The board did assess the project in compliance with its statutory mandate under RCW 36.93. However, this falls short of the independent and comprehensive assessment of environmental factors which must be made under SEPA.

We do not reach the issue of the necessity of an EIS in this case. We can only review threshold decisions of agencies under our "clearly erroneous" and "arbitrary and capricious" standards; we cannot make an independent decision when the agency required to make that decision defaults. LASSILA v. WENATCHEE, SUPRA.


The superior court's judgment voiding the board's approval of these annexations is affirmed. The annexation proposals are remanded to the board which is to be responsible for overseeing compliance with SEPA. Because a change in regulations has occurred since the board originally acted upon these proposals, this compliance should now be accomplished by the board's insistence upon action under current SEPA guidelines by the municipalities, and by the board's review of that action and correction of deficiencies.

Inasmuch as we have disposed of this case on the SEPA issue, the board is not charged with answering the interrogatories at issue unless and until this case again reaches the superior court. More specific and individualized objections to these interrogatories may be evaluated by the superior court at that time, guided by the basic principles set forth in section II of this opinion.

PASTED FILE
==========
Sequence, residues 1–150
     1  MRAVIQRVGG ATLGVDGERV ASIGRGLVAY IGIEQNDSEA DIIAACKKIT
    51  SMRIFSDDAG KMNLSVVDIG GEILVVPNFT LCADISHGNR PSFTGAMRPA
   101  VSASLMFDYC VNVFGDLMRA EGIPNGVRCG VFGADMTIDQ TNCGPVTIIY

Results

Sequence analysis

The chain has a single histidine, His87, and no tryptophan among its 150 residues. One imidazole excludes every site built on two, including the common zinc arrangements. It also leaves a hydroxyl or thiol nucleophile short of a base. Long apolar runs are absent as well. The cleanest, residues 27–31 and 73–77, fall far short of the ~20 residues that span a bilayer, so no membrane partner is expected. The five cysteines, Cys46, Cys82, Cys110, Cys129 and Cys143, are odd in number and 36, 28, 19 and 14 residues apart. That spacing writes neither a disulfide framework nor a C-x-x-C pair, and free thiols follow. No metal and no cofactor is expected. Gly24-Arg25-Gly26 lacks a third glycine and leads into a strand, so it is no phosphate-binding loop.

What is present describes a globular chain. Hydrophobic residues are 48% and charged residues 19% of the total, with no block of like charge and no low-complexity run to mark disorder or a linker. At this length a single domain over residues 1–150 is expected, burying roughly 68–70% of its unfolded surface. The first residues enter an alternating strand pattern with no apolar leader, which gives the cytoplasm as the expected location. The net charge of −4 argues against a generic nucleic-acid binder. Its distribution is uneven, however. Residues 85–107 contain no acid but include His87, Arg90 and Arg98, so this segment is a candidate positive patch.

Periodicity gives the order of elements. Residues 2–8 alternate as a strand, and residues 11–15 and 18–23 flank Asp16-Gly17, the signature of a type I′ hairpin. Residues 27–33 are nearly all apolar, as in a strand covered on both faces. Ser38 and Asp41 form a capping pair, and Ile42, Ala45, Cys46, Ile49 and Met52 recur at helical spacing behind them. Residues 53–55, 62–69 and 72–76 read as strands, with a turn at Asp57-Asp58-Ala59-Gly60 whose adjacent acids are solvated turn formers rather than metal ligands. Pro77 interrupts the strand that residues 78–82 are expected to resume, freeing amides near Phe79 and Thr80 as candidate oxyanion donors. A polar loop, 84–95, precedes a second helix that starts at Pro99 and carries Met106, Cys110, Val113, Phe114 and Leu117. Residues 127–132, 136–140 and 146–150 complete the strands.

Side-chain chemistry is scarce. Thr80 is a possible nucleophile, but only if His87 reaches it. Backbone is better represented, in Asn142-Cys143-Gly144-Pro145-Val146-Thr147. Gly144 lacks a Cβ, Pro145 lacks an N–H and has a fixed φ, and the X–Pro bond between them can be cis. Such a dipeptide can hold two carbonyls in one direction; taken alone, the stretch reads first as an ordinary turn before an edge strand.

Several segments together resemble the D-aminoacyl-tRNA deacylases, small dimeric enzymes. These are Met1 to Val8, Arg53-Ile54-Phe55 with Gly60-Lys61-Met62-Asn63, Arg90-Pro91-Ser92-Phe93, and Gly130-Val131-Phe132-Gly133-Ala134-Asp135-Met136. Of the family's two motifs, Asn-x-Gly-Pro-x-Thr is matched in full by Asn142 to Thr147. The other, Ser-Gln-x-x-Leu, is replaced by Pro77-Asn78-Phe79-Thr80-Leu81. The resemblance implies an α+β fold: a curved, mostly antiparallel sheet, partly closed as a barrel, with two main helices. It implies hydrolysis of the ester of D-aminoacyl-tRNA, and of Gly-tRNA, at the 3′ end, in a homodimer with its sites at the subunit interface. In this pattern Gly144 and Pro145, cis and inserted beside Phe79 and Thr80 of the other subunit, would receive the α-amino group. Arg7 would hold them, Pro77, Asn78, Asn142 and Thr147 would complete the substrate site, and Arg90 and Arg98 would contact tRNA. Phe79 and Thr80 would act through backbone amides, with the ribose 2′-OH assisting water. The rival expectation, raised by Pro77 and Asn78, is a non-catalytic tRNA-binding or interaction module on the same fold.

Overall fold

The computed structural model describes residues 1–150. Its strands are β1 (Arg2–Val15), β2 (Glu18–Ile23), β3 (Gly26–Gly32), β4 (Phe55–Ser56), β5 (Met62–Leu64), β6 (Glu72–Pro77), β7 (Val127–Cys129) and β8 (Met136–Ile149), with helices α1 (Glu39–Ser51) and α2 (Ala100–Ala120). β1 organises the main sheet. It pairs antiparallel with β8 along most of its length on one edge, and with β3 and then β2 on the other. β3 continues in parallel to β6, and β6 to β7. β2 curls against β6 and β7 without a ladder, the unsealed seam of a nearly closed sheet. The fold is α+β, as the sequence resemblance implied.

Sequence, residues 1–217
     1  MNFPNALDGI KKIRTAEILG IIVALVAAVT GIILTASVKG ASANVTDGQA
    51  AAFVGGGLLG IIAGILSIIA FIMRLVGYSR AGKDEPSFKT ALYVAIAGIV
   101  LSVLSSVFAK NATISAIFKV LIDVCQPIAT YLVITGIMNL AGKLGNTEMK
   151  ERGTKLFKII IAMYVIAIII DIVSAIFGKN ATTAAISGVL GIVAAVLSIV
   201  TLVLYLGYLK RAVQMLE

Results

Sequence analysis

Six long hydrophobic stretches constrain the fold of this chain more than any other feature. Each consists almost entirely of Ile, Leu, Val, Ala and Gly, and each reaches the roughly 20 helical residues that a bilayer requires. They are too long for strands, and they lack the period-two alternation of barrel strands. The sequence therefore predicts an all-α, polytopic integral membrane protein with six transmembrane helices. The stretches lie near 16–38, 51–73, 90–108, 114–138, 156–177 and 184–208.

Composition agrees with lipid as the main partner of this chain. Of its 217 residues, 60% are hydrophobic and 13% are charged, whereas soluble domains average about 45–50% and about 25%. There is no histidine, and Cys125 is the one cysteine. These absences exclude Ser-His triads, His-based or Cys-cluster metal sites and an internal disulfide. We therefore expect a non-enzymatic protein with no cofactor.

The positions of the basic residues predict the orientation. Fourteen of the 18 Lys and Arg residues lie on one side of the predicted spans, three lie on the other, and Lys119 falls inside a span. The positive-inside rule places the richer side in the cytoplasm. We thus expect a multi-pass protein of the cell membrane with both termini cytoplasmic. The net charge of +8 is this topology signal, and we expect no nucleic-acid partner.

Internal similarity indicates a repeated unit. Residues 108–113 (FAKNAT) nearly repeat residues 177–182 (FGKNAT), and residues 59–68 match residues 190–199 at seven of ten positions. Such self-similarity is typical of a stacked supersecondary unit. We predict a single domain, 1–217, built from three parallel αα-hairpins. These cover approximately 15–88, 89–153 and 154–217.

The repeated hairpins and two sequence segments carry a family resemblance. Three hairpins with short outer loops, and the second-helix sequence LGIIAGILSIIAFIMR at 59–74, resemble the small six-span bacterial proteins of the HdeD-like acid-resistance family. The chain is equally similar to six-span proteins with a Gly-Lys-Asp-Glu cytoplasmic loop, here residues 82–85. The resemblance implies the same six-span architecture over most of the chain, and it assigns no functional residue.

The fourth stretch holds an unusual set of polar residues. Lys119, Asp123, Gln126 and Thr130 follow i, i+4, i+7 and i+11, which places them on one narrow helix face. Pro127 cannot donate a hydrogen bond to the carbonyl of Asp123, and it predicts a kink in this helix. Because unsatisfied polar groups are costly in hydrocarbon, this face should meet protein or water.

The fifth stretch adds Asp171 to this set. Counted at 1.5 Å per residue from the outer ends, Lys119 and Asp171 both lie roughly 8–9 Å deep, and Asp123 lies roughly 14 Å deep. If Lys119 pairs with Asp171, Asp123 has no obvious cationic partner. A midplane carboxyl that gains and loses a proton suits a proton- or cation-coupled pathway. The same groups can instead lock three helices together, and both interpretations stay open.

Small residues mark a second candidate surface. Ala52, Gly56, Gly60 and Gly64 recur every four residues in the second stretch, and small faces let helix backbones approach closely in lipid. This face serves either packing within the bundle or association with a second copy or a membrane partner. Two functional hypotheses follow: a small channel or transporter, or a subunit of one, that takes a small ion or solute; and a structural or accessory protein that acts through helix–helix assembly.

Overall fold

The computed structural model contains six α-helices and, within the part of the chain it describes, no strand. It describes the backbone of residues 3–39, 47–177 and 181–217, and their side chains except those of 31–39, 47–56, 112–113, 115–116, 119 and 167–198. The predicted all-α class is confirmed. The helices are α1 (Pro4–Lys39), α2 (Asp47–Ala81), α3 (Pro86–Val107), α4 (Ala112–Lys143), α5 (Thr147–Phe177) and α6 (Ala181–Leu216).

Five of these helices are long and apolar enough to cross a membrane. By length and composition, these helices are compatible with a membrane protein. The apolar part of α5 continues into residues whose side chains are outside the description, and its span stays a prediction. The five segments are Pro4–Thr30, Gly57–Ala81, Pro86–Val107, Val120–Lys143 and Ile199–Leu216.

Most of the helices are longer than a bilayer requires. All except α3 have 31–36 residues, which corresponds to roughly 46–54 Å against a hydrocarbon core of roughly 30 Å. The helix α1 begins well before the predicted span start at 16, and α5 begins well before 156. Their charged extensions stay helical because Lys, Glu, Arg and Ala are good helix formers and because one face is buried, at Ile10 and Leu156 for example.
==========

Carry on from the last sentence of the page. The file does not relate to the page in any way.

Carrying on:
CONCURRING JUDGES: Wright, C.J., and Stafford, Brachtenbach, Horowitz, and Dolliver, JJ., concur.

AUTHOR OF DISSENTING OPINION: Hamilton, J. (dissenting)-

DISSENTING OPINION: I dissent from part III of the majority opinion.

The King County Boundary Review Board is a creature of statute, RCW 36.93.030. Its purpose is simply to review and approve, disapprove or modify a limited type of action. RCW 36.93.100. Among the reviewable actions are changes in the boundary of any city or the change in a sewer system boundary.

The majority states in somewhat conclusory language that it is clear a threshold determination is required in actions of this kind. I cannot agree with this conclusion. It is unreasonable from a practical and policy standpoint to apply the State Environmental Policy Act of 1971 (SEPA) to the board's annexation actions.